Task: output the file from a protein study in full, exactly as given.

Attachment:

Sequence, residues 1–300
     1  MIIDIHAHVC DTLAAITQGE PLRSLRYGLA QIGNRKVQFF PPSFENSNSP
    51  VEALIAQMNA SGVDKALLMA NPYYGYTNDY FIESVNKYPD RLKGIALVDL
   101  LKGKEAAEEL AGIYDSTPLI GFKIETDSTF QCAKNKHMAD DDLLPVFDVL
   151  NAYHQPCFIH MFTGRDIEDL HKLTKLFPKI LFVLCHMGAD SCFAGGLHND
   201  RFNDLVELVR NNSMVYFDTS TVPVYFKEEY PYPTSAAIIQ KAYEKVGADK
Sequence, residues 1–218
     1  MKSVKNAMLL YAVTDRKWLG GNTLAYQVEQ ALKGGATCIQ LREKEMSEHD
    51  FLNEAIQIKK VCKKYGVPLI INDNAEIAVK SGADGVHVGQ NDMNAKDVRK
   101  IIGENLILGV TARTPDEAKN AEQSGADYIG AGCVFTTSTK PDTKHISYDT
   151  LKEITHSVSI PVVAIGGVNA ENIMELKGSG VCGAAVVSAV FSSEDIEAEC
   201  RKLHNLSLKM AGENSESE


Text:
Sequence, residues 1–300
     1  MIIDIHAHVC DTLAAITQGE PLRSLRYGLA QIGNRKVQFF PPSFENSNSP
    51  VEALIAQMNA SGVDKALLMA NPYYGYTNDY FIESVNKYPD RLKGIALVDL
   101  LKGKEAAEEL AGIYDSTPLI GFKIETDSTF QCAKNKHMAD DDLLPVFDVL
   151  NAYHQPCFIH MFTGRDIEDL HKLTKLFPKI LFVLCHMGAD SCFAGGLHND
   201  RFNDLVELVR NNSMVYFDTS TVPVYFKEEY PYPTSAAIIQ KAYEKVGADK
Sequence, residues 1–218
     1  MKSVKNAMLL YAVTDRKWLG GNTLAYQVEQ ALKGGATCIQ LREKEMSEHD
    51  FLNEAIQIKK VCKKYGVPLI INDNAEIAVK SGADGVHVGQ NDMNAKDVRK
   101  IIGENLILGV TARTPDEAKN AEQSGADYIG AGCVFTTSTK PDTKHISYDT
   151  LKEITHSVSI PVVAIGGVNA ENIMELKGSG VCGAAVVSAV FSSEDIEAEC
   201  RKLHNLSLKM AGENSESE